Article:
Pet Columns, Office of Public Engagement, College of Veterinary Medicine at the University of Illinois at Urbana-Champaign

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Scared of a Shot? The Risk of Vaccine-Associated Sarcomas in Cats

Pet Column for the week of February 15, 2010

Related information:

Office of Public Engagement
2001 S. Lincoln Ave.
Urbana, Illinois 61802
Phone: 217/333-2907
Ashley Mitek
Information Specialist

Source - Jacqueline M. Wypij, DVM, DACVIM (Oncology)
In the early 1990s a few veterinarians started to notice a disturbing trend. Sarcomas, a type of malignant tumor, were being found more frequently in cats. The location of these masses was quite suspicious--they were in the same area in which routine vaccinations were administered.

Shortly thereafter, experts came to the startling conclusion that the feline leukemia vaccine and the feline rabies vaccine may be to blame, (although other causes have since been identified as well). Because of this development, the Vaccine-Associated Feline Sarcoma Task Force was established in 1996 by several prominent organizations, including the American Veterinary Medical Association.

The swift and massive response likely had to do with the fact that sarcomas are a difficult type of tumor to treat. Surgical excision of the mass (requiring general anesthesia) with wide margins is necessary in nearly all cases. In addition, the tumors almost always recur and appear to have a higher rate of metastasis (spread) to other parts of the body.

So the question arises, do the benefits of vaccinating your cat for these diseases outweigh the risks?


"The risk of getting an infectious disease is much higher than the risk of developing a sarcoma at the injection site," explains Dr. Jackie Wypij, a veterinary oncologist at the University of Illinois Veterinary Teaching Hospital in Urbana. Current statistics estimate that 1 in 5,000 to 1 in 10,000 cats receiving a vaccine will develop a sarcoma.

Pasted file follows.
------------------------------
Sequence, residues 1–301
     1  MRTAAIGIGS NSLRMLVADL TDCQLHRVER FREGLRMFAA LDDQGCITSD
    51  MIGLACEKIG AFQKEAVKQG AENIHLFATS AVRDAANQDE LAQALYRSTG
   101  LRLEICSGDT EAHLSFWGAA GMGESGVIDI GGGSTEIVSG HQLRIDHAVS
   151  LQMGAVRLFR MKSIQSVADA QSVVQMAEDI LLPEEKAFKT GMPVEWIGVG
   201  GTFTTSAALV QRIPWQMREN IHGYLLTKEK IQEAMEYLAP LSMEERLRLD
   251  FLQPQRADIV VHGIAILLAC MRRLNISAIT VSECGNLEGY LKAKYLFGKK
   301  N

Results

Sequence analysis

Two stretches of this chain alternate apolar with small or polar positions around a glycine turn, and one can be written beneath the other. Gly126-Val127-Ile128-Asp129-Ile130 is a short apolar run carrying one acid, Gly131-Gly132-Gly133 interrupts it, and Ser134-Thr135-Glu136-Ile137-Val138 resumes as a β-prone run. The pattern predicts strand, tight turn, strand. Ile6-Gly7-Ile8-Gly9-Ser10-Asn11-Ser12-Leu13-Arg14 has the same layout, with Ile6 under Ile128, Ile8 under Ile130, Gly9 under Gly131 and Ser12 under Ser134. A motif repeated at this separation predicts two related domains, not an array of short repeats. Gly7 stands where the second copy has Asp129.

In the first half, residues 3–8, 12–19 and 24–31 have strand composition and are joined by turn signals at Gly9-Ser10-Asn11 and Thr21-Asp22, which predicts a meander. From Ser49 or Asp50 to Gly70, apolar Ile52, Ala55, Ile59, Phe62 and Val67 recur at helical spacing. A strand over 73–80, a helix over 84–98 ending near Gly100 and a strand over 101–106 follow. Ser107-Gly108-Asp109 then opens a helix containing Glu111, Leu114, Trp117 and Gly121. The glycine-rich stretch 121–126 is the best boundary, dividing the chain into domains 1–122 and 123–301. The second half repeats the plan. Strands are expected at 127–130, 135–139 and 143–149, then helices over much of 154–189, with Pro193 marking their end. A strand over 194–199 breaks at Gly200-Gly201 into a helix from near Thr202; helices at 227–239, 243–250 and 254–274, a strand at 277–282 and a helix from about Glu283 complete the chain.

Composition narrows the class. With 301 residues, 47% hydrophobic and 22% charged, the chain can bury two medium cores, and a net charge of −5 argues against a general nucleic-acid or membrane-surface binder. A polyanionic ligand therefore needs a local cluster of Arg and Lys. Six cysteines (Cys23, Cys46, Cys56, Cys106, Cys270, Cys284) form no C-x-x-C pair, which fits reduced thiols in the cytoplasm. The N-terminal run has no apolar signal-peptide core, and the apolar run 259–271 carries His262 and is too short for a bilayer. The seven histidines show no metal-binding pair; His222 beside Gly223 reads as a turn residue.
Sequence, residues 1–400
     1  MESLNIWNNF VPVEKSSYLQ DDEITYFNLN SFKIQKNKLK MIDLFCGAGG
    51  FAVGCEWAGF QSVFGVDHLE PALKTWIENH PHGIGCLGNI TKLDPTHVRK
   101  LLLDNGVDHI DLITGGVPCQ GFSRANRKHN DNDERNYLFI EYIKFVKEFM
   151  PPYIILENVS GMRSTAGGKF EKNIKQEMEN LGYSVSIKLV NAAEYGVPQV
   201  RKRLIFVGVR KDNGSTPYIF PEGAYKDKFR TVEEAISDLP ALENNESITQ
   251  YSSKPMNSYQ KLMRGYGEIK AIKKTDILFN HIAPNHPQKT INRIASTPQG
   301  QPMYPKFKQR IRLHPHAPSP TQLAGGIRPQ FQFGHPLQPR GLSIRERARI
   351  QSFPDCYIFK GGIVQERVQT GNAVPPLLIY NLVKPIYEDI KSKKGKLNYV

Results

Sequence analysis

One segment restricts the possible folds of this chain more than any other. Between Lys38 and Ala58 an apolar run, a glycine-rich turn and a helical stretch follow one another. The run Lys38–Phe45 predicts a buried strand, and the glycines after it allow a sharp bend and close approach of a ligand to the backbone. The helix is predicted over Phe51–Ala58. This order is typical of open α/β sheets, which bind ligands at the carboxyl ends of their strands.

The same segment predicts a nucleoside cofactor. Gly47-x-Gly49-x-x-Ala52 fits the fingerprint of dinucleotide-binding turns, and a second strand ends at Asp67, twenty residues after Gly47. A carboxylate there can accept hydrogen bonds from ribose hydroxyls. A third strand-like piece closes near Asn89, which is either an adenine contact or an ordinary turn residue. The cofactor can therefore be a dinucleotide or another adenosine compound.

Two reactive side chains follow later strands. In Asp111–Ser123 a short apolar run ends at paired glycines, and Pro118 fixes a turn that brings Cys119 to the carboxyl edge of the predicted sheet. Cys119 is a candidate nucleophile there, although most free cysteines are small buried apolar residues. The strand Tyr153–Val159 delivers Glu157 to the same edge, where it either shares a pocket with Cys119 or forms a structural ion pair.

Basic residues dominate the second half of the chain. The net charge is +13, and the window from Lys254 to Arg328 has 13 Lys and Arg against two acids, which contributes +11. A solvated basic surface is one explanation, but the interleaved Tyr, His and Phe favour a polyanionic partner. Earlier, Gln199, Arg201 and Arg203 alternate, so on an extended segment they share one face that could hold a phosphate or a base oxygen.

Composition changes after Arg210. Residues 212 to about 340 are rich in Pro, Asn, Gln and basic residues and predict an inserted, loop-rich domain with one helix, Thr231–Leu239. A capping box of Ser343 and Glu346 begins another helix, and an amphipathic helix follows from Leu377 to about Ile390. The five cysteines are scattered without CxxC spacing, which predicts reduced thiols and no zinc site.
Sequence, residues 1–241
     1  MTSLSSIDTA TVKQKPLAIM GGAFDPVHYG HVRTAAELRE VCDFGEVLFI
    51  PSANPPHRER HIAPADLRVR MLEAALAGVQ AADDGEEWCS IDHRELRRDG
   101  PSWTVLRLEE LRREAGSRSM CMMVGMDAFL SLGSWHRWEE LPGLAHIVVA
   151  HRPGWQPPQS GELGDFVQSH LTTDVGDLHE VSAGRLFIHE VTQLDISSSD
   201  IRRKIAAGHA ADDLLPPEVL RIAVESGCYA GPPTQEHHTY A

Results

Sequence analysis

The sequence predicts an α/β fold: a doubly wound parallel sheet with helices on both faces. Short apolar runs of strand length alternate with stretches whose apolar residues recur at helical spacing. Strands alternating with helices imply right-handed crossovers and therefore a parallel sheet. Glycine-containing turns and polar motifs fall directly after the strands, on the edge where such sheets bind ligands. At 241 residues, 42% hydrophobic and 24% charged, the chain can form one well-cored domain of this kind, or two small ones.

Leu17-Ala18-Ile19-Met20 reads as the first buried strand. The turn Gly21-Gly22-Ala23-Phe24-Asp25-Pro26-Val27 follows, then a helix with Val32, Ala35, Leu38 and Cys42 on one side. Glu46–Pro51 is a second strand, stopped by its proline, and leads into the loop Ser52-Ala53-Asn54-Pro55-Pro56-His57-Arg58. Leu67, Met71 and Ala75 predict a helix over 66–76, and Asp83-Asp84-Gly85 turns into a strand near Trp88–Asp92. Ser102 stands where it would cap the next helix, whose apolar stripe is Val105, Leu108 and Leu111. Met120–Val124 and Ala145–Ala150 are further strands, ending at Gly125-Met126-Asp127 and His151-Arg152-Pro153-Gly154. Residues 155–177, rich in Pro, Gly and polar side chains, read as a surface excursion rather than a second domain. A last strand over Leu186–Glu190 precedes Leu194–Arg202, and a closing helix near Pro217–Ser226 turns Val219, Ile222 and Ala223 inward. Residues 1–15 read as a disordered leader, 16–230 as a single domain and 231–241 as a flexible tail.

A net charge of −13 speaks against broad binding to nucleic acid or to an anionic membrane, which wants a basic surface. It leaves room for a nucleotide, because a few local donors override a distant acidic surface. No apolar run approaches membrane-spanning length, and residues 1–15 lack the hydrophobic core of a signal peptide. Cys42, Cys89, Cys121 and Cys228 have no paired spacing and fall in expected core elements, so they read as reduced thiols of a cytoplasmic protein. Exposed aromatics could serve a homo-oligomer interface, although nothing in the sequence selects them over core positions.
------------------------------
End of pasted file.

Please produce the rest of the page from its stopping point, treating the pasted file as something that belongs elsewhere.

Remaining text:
Since the task force began studying the problem, there has been much reform. For example, new vaccination schedules have been developed, decreasing the frequency in which the shots need to be administered and specifying specific anatomic places to inject them. In addition, because the aluminum adjuvants (a chemical agent used to stimulate an immune response) in the vaccinations were suspected to cause the problem, vaccine manufacturers have ceased using them.

Still, it is important to weigh the risks. For example, an older indoor cat may not need the feline leukemia virus vaccine. Except that, if that cat escapes out of the front door one day when you're not looking, you may be asking for trouble. All it would take is for your unvaccinated indoor cat to come into contact with a leukemia positive cat, and presto--your beloved Fluffy may have feline leukemia. Although the diseases is not one that is transmitted easily, it nevertheless is a terminal disease that could have been prevented.

In the case of rabies, there is not much leeway. In many municipalities the vaccine is required for cats and dogs. Not doing so may be breaking the law, and also puts your pets' welfare in limbo if it bites a human. Let's say your unvaccinated cat bites your child's playmate one day when they are playing a little too rough. Without proof of a rabies vaccination, animal control officials can seize the animal from your house and quarantine it. It's also worth noting that the only definitive way to test for Rabies is with a brain biopsy.

In the end, vaccine-associated sarcomas are still a hot topic in veterinary medicine. The risks of vaccination should not be overlooked, but neither should the potential benefits. To decide what is best for your cat, please talk to your local veterinarian.